Keeshan Harley, 19, is a leader with Make the Road New York, living in Brooklyn. On Sunday, June 22nd, 2014, Keeshan will be heading down to Jackson, Mississippi with 50 other young people are organizers to join our national alliance, the Alliance for Educational Justice, and many more youth, civil rights groups, and our elders in the struggle to honor the lives lost, the projects ran, and the Southern struggle for freedom. Our work is far from done, but we lift up those who have committed their lives to freedom, to the South, to our people.
“Freedom Summer is a way for us, as people of color, contained in the outskirts and fringes of society, to unify and educate one another to end the perpetuation of methods of modern slavery. This represents the willingness to help our brothers and sisters who fall under the denigrating term “Minority”, whoever they may be, whatever their phenotypes are, and wherever they are. This is a way to show the world we are a people united for a cause that goes deeper than the pigmentation of one’s skin. This is why I am apart of Freedom Summer.”
I’m sorry Ms. America,
But I didn’t do my homework last night. See I come from streets that don’t sleep.
Yet zombied bodies. Drift off in each direction, and your lessons, don’t teach me how to deal with that.
In fact, in your textbooks over look my daily existence, as if my pigment, or my people, were invisible,
And it is impossible, for me to leave the 3rd grade, when im chained to a prison cell.
So I’m sorry Ms. America,
Could you give me just one more chance, One more try? Because I think now’s the time,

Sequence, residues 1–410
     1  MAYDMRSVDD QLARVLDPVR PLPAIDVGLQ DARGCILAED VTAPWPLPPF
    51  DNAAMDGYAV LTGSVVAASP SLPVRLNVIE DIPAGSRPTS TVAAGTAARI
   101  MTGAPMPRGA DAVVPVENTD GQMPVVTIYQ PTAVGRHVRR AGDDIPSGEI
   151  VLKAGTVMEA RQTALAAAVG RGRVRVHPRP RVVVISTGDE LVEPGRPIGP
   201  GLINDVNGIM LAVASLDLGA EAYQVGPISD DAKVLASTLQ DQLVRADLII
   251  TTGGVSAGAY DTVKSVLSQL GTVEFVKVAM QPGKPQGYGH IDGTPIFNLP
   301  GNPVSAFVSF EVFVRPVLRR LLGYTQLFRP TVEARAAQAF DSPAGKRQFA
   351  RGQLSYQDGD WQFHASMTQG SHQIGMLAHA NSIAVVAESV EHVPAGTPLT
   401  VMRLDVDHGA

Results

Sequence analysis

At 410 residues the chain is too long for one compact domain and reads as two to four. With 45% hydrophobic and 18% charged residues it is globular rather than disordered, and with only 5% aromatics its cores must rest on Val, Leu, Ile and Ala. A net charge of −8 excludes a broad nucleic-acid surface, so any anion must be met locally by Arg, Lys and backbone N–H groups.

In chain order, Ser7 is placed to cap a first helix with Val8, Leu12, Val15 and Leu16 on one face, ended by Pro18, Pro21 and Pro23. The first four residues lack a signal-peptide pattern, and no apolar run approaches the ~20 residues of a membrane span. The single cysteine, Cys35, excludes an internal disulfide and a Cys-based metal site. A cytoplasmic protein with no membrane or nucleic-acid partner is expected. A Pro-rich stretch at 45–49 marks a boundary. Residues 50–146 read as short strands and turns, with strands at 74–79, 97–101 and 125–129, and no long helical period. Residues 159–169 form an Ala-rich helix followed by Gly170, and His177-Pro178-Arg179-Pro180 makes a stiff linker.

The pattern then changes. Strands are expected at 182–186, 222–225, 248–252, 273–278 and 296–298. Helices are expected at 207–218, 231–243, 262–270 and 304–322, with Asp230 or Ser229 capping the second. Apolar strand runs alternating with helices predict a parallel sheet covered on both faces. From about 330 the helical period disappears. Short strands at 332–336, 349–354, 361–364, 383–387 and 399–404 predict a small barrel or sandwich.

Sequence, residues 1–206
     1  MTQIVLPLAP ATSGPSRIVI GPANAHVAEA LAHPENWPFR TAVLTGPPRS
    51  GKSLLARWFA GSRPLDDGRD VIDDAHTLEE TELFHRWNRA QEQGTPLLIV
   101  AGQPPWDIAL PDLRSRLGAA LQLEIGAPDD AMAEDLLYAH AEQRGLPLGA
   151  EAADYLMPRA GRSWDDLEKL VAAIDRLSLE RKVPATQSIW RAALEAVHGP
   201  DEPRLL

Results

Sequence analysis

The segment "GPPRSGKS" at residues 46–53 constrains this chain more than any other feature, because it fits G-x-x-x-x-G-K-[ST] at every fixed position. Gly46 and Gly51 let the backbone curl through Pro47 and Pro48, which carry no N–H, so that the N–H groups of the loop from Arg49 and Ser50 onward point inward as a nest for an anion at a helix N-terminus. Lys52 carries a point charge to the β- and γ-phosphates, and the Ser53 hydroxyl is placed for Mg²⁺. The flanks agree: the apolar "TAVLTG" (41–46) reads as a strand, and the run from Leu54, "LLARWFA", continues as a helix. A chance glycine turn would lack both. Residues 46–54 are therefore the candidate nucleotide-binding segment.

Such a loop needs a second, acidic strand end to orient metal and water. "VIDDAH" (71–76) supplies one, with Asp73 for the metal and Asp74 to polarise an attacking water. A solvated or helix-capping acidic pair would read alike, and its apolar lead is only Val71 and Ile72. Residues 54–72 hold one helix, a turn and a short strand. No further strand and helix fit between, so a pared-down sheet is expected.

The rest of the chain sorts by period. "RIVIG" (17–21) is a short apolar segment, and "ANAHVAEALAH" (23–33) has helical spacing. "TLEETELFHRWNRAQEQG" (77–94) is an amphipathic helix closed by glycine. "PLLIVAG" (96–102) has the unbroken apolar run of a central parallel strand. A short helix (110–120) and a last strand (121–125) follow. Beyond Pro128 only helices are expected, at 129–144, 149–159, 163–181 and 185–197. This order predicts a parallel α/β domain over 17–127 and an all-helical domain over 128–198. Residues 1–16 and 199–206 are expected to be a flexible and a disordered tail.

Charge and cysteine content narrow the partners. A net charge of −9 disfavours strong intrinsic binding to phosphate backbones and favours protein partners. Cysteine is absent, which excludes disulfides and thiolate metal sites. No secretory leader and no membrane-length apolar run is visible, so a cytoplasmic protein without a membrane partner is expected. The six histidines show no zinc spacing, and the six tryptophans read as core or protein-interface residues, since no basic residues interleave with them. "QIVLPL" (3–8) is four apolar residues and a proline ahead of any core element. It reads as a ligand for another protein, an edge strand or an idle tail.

140 years of trial and error, after the era of slavery, trials of terror, non – violent endeavors, severed heads, and children dead, have led to the creation of me,
I’m sorry Ms. America.
But your reign of terror, ends this day,
With me displaying, who you truly are. Your teeth smile, bright and white, allegedly lighting way for ships, but slip bars in between each crack, and hold blacks captive in cavities that lie inside.
Your eyes are blue, so the world assumes you see color, but only during fright in the depths of night. In daylight, white is the only thing your eyes can see.
Ms. America I have set off,
But this time not South, to escape courts, or North to escape torch lit cornfields. I’ve left Earth in search of darker planets. Hoping to be granted peace in a place, and hoping never to return and feel the burn and anguish of your institutions, or smell the stinge of your pollution, reducing my self value.
Ms. America I’m sorry, but you’ve been no mommy to me,
Because I’ve seen Uncle Sam kill my brothers, and watched you do nothing. And when Big Bro, goes COINTELPro, and kills a black leader or two, Where are you?
Whose liberty do you represent, whose rights are you bent on protecting? How am I to feel at ease in this 21st century when my enemies all look like you.
Blue eyed, blonde hair, wearing a look of disdain, as if I were a black stain on your carpentry.
We, the discouraged, dispirited, denigrated, denizens of this demimonde called the ghetto, don’t call this land home. We call it being owned.
Loaning us dreams won’t, ease our pain, or stop our brothers from being slain. So I’m saying goodbye.
Hopefully until the end of time, no more bars behind smiles, no child fearful of his life, because of the color of his skin. No more sorrow and strife, in this place I venture off to.
Sorry to have thought you capable of love, hoping to see a tug on the heart strings of your courts that sing justice,
I’m sorry Ms. America. But you’ve been no mommy to me.